What was your initial inspiration for the equine-focused images? 

I have always had a fondness for horses but have had a hard time finding horse imagery that has a certain level of playfulness and levity—and especially a splash of color! So, I decided to create some of my own. 

What type of prompts did you provide for A.I. (Midjourney Showcase)? 

I think creating very specific prompts for A.I. is part of the artistic process. Because I am also a writer, I tend to make long briefs that include details on every aspect of the image, such as the color of the horse, the rider’s outfit, and the background of the image. I also wanted these images to feel filmic and therefore specified the aspect ratio to mimic a movie screen. 

Can you elaborate on some of the technical particulars you requested? 

I included specifics about what camera to emulate, what film stock to use, even what aperture to shoot at. A.I. tools truly are remarkable. Some of the details are still a surprise—stripes in certain colors, or hats can appear. And often there are glitches that I edit out; a horse will have five legs, for example! Culling is a large part of the process. I probably use one out of every 20 images that I generate.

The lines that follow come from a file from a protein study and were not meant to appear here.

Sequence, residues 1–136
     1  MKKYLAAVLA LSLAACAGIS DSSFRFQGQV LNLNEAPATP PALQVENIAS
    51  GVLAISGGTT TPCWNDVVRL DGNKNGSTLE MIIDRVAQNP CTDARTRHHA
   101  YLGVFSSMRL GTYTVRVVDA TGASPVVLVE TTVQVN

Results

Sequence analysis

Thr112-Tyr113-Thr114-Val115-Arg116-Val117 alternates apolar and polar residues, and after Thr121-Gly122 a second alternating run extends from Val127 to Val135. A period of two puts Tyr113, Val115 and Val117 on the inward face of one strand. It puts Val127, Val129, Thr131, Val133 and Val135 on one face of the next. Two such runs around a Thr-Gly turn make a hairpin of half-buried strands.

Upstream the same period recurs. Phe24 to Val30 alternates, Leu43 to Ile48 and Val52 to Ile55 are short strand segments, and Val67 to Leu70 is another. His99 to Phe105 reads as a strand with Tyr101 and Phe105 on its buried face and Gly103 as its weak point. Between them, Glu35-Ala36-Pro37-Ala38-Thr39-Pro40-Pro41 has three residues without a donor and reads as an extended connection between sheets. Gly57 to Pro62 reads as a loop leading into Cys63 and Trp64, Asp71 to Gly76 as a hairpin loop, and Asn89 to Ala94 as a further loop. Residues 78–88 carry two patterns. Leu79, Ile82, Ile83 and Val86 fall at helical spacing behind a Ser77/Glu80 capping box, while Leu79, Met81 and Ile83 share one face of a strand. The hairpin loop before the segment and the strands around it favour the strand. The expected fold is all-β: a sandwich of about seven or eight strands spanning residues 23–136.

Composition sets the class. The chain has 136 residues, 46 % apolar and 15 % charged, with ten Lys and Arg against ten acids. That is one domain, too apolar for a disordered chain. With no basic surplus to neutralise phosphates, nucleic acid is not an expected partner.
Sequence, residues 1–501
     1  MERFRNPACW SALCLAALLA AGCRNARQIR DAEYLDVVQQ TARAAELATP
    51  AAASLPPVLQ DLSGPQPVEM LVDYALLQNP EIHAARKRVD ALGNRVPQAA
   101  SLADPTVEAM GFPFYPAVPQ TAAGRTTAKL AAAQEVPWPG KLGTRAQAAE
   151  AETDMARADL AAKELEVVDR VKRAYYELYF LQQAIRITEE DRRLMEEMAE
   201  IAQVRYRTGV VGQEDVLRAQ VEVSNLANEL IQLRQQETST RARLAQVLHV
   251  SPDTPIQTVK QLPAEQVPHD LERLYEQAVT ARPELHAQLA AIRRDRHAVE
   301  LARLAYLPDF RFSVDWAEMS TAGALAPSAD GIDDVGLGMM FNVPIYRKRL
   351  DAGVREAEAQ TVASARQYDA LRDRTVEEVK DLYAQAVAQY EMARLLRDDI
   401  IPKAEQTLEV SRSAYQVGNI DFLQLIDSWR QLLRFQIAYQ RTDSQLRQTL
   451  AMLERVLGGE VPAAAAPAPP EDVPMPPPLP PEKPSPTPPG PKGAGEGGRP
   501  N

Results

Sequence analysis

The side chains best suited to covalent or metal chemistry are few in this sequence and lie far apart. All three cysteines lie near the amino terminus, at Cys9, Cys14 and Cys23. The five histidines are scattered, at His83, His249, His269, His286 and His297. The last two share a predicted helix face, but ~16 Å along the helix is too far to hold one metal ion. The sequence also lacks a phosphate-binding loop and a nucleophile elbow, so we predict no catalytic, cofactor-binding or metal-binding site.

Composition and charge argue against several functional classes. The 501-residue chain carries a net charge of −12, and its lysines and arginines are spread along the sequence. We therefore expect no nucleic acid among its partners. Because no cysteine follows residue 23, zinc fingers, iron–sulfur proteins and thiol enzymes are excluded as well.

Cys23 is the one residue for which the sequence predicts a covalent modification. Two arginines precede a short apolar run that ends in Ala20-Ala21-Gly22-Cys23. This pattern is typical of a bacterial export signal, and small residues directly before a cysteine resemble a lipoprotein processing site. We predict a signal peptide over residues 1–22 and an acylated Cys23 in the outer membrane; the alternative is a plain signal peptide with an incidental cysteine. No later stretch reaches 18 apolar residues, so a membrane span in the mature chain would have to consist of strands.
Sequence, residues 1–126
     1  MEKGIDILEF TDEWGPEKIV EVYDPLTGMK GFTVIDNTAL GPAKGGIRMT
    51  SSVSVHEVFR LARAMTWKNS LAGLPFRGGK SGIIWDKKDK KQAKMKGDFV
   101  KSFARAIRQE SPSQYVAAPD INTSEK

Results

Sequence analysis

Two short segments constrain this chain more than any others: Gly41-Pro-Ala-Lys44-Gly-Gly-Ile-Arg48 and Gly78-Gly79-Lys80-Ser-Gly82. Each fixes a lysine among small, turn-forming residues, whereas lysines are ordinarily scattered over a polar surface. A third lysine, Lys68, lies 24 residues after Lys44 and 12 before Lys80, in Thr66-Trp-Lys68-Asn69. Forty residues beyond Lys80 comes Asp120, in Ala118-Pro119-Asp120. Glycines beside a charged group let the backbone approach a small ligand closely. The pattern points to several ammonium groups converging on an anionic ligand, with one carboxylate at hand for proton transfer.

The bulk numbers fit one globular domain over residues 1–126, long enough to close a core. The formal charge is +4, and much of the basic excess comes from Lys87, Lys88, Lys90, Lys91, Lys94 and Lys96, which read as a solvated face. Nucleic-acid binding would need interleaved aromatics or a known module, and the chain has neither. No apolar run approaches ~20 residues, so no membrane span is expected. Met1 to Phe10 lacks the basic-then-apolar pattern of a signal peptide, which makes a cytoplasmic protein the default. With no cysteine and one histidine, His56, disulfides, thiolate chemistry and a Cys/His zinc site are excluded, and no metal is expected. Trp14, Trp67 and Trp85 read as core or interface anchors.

What are your thoughts on the creative scope of A.I.? 

It’s remarkable how quickly these tools have become available and how incredibly pervasive they already are. It’s hard to stay on top of the technology, as it is changing so fast. I do worry the scope of these tools will make jobs for creatives out of reach or obsolete. For right now, however, it’s an exciting development and allows for a lot of playful idea generation. 

Photographer, writer, and book author Rachel Hulin has worked in New York as a photo editor for notable publications, including Rolling Stone, Radar Magazine, and, and has given lectures about her work and professional practices at the School of Visual Arts, Rhode Island School of Design, Brown University, and Parsons School of Design | The New School. Her work has been shown in the Jen Bekman Gallery, The Bronx Museum of the Arts, and Clamp Art Gallery, among others. 

Her editorial clients include The New York Times, Martha Stewart Living, The New Republic, Real Simple, and the Huffington Post

She published Flying Henry, a fantasy children’s series, in 2013, and Hey Harry, Hey Matilda, lauded as the first novel to be told on Instagram, released in 2017. 

She has a Bachelor of Arts from Brown University and a Master of Arts from New York University.